Whose Land Is This? Lessons from Ukraine, Taiwan, Israel – and the US

Almost Every Place on Earth Has Had Previous “Owners”

What Conveys Whose Land This Is? It’s Tricky Applying Modern Standards to Historical Facts

I have a difficult time thinking of any sizeable piece of ground (or waterway) on this planet that does not come with multiple, conflicting claims of whose territory this is or should be. This disagreement has long been a leading cause of human conflict from our very beginnings as an identifiable species.

In the modern era (“modern era” being what we call the present time. Amusing to think about how others will call this ancient times before too long), much of this conversation revolves around what was unfairly done to others in the past. The recognition is true and overdue, but intellectual honesty recognizes that addressing these situations fairly and usefully is not an easy thing.

In the area where I live, most of the region was once dominated by Native Americans, mostly Cherokee tribes. Many public events now begin with a sometimes long monologue on how this land was once someone else’s and it was taken from them. An appropriate thing to recognize, although I don’t see any ground swell out there to return those lands to earlier occupiers.

And, as far as we can tell, they also came here as a people from elsewhere. They got here before others for sure, but like those who followed them, they came here from somewhere else, for many reasons.

Two Other Examples

By now, everyone is familiar with the Russian claims to Ukraine. Ukraine was not always part of Russia, although it was a part of Russia and the USSR for quite a while. But they parted ways by mutual agreement several decades ago. What gives Russia the right to cancel the deal, especially since Ukraine has, in these recent decades, become much more of a Western oriented country, one with an extraordinary sense of national identity, thanks in large measure to the Russian invasion.

Taiwan presents a similar conundrum. It certainly has been a part of China in the distant past, but not uniformly so. Certainly, it has been a separate society in all the ways that count for almost 100 years. The Chinese claim to it is, it seems to me, specious at best. It was my hope for several years that a peaceful solution, either to reunite or to stay separate, would develop over time. I am less confident of that today. The current Chinese leader seems obsessed over the Taiwan issue and may risk a great deal at some point to try forcing reunification.

At one time, a large percentage of the Taiwan population looked favorably on China and the prospect of reunification. Those days are largely gone, owing directly to Chinese aggressiveness. Not a lot of time, but I have spent time in both China and Taiwan. It would be a challenge to describe two more different societies. I have little doubt that if China were to force the issue, it would be done along the lines of Hong Kong; the differences in the two societies would not be tolerated. That would be a shame. Let us hope cooler heads prevail.

A Real Gordian Knot

Up until this point, we have talked about one country wishing to take over another’s territory, land outside the current boundaries of one of the countries in conflict (Ukraine, Taiwan). We also talked briefly about one occupation that led to the disenfranchisement of a people (USA). Those were simple compared to the next one: the Arab-Israeli conflict. Again, I have spent a small amount of time in the region and have had long conversations with people on both sides and people looking for solutions.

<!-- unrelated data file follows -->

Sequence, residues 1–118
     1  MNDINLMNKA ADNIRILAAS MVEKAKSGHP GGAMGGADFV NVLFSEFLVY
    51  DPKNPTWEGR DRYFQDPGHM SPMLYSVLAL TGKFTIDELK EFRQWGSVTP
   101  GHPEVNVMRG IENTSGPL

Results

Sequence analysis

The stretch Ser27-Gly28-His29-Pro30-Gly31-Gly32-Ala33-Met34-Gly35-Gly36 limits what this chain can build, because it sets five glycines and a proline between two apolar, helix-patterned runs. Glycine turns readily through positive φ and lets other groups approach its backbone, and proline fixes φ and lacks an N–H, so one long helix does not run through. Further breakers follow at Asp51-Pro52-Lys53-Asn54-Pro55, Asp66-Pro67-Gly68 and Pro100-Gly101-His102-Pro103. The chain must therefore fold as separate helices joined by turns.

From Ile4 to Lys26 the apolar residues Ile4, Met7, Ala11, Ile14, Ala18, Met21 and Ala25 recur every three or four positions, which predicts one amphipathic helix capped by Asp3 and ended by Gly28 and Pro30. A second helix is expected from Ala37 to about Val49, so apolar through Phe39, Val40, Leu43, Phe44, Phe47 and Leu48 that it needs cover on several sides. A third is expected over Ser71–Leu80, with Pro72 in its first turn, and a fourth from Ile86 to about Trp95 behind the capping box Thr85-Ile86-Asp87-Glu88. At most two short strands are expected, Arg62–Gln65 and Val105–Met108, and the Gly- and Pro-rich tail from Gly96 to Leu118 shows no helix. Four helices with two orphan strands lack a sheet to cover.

Here we have two peoples, the Israelis and the Palestinians that are in the same place at the same time, both citing long historical claims to the land. This is perhaps the perfect case study of how difficult such disputes can be. It seems to me that arguing whose ancestors arrived first is a specious argument. Both peoples have long histories here. Both sides have powerful moral claims.

Israel was created out of the ashes of the Holocaust, for which much of the world shares if not responsibility than a moral obligation to ensure a safe nation-state exists. But the Palestinians also have important claims, it seems to me. Reading through the documents that led to the founding of Israel, mostly British documents, it is as though these people did not exist. And surely their “brother Arabs” have only worsened their conditions over these many decades.

I see little in the way of hope or real leadership anywhere in the area that would lead to justice and security for all who live here. There was a moment, a flicker of real hope when Sadat and Rabin were regional leaders. Everything seemed at least possible – until their own extremists killed both of them. I fear that the coming generations of both people will know little security or freedom from fear.

There Are Powerful Moral and Practical Imperatives

All of these “whose land is it” conundrums carry genuine moral issues and serious security challenges. Ignoring them has major consequences. Nice if we could get some leaders who recognize all that, who concluded the other parties are not going to disappear, and so courses were set to make things as right as they can be, based on honest and sustained engagement with each other.

Can’t We All Just Get Along?” Rodney King asked that question in the face of riots, some of which cited his beating by police as the rationale to strike back. It appears not yet, Rodney. Not yet. But maybe we will get it right at some point. Just because this is hard and complex does not mean we get to take a pass.

It seems ironic that Being Woke has become a term of degradation for the Right. Heck, I am thinking about getting a bumper sticker that says, “Damn Right I Am Woke!” Until we do wake up and deal with these issues, peace and security will illude our little planet.

          Bill Clontz

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